Nonviolent Communication (NVC) is a theory and practice intended to create a quality of connection among people such that they want to, and are able to, consider the needs of everyone involved in any given situation. It is also known as Compassionate Communication, because it's about learning to listen more compassionately, and to speak in ways that are likely to inspire compassion in others.
There is a large network of people sharing NVC through much of the world (see NVC people and organizations by area). In some places there are enough people supporting each other and working together that one might even call them communities.
Yet another name for NVC is giraffe Language - we use giraffe as a symbol for the kind of communication we are teaching, and jackal (or in some areas of the world wolf or snake) as a symbol for the kind of communication that is not compassionate, clear or connected.
Nonviolent Communication is also the name of a book (ISBN 1-8920-0503-4) by Marshall Rosenberg explaining the theory/practice. It has been translated into many languages.
Website for the book (with many additional materials): http://nonviolentcommunication.com/
Ways of describing NVC
"NVC helps us when we are involved in communication which is difficult and potentially conflictual, to get beyond right, wrong, good, bad - to get in touch with what we are feeling and needing and express that to another person with no blame or demand. Equally it helps us hear the other person's feelings and needs behind any blame or demand they put on us. We do this by telling someone clearly and factually what triggered our present feelings, and what needs of ours are not being met right now. We might follow this with a specific, doable request. The most important thing underpinning all this is that we are seeking not to win, but to connect empathically, so that each person involved can find joy in meeting both their own and the other person's needs."
(a Conversational piece)
"Do you sometimes feel that you've said what you thought you meant to say with a strong wish to connect with someone, but the response you get from your listener doesn't bear this out? - its as if we know and feel inside at some level what it is we really want to express, but then there seems to be a mis-match between this and the language and habitual thought structures which we rely on to communicate ourselves. In fact, instead of actually expressing what is going on inside us, often we seem to just react and respond to things outside of ourselves - we talk to judge, evaluate, to make things wrong or right, to demand others to change, we blame and seek ways of influencing the outer world in an effort to express ourselves, offload tension, or make things better.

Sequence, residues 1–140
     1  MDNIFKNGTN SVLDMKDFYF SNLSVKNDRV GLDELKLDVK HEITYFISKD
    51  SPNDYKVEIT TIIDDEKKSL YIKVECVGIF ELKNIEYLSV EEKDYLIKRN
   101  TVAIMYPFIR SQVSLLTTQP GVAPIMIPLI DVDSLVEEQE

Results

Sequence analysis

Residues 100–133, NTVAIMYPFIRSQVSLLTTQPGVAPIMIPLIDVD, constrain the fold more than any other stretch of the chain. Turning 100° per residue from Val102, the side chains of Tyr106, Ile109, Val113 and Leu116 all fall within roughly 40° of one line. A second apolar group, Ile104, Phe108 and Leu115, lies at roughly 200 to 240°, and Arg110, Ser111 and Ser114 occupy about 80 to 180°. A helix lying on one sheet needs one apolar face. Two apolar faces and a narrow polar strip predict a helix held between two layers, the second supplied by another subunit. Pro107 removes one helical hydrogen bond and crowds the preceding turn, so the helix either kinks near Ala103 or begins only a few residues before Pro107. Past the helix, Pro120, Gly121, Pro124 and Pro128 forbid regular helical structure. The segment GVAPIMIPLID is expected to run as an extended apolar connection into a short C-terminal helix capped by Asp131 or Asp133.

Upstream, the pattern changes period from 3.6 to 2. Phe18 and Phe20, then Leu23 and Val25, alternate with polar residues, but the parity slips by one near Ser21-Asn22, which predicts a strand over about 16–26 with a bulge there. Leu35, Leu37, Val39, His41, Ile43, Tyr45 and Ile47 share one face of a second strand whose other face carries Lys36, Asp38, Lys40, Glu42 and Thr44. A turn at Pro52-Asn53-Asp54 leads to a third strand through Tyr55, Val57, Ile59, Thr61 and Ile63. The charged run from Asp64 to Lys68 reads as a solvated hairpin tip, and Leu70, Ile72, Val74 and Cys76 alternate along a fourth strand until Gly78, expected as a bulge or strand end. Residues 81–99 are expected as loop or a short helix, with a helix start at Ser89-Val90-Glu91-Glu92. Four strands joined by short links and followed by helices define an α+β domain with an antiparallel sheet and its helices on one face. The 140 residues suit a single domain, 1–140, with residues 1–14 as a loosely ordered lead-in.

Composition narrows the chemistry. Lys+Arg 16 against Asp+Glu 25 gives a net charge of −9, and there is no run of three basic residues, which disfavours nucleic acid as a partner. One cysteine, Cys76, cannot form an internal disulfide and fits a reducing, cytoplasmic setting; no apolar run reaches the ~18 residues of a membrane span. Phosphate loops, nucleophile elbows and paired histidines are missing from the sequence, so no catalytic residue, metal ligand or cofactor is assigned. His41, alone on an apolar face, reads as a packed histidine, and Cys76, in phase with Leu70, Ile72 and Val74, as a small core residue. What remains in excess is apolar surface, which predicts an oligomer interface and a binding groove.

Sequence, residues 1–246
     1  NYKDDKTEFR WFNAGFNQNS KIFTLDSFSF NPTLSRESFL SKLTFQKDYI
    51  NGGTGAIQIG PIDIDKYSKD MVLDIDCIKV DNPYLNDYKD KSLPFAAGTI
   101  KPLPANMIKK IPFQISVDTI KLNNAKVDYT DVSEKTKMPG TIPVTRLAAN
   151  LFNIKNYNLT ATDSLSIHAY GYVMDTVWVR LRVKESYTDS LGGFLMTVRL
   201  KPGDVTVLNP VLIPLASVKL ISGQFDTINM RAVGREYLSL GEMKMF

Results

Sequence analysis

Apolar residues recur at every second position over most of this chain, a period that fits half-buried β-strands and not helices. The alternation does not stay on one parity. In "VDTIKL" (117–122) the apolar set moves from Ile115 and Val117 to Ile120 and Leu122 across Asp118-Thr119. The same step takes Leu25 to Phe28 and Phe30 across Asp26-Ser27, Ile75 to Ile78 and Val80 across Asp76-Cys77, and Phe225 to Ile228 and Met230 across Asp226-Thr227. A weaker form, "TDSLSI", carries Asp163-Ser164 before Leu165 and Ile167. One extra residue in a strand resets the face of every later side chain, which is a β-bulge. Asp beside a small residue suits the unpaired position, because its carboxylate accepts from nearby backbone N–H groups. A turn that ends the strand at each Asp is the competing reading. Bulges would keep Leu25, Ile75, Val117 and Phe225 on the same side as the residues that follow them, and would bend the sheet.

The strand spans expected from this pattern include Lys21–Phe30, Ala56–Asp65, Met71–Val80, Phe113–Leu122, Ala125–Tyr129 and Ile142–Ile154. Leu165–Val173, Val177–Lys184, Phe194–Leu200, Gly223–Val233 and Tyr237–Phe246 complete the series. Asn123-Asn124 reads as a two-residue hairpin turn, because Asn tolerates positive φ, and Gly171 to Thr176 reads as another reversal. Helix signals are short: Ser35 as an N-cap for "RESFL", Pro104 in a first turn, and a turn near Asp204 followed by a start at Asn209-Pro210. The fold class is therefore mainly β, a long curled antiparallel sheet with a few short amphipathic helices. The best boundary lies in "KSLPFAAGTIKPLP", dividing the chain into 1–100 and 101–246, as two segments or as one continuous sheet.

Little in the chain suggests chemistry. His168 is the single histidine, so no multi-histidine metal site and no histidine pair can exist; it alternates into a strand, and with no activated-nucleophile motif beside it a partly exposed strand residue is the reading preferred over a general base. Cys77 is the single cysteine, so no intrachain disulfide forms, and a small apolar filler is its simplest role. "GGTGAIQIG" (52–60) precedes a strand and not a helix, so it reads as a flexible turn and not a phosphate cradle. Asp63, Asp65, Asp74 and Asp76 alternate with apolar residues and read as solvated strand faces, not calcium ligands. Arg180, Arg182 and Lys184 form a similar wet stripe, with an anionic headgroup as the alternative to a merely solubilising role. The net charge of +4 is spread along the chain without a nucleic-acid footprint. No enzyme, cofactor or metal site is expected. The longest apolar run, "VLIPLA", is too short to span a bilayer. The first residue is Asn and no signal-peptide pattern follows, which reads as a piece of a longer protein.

We have all learnt to do this - and it serves us to some extent. Recently, however, I came across a new way of thinking and communicating which I've found inspiring and really helpful, as it gives me more choice about how to express myself and how to listen to others in a more heartfelt way.
It goes like this...When we notice ourselves reacting to the outside world, we can identify what objective experience we are having without making any value judgements of it. Then we notice what feeling or feelings get triggered by that. If we can connect with those feelings, then we can do the next step. It's said that feelings always arise on the basis of needs - feelings are valuable information - if they are "positive" in nature, it means that our needs are being met, if "negative", then there are needs of ours which are not being met. Having identified what needs are, or are not, being met, we can then directly express things to others in the light of what we are feeling and needing. Finally, we can form requests and ask others to do specific and do-able things to support us in meeting those needs, (but without requiring them to do that).
When you practise this, it feels a bit strange at first, but gradually it becomes more natural and it feels satisfying to be able to say what it is that is real for us at any moment in an authentic way. And then when listening, the same applies - you stop hearing the words, and look for the feelings and needs the person might be experiencing, and you can empathise with those directly, and reflect that back to them, along with a suggestion for a request".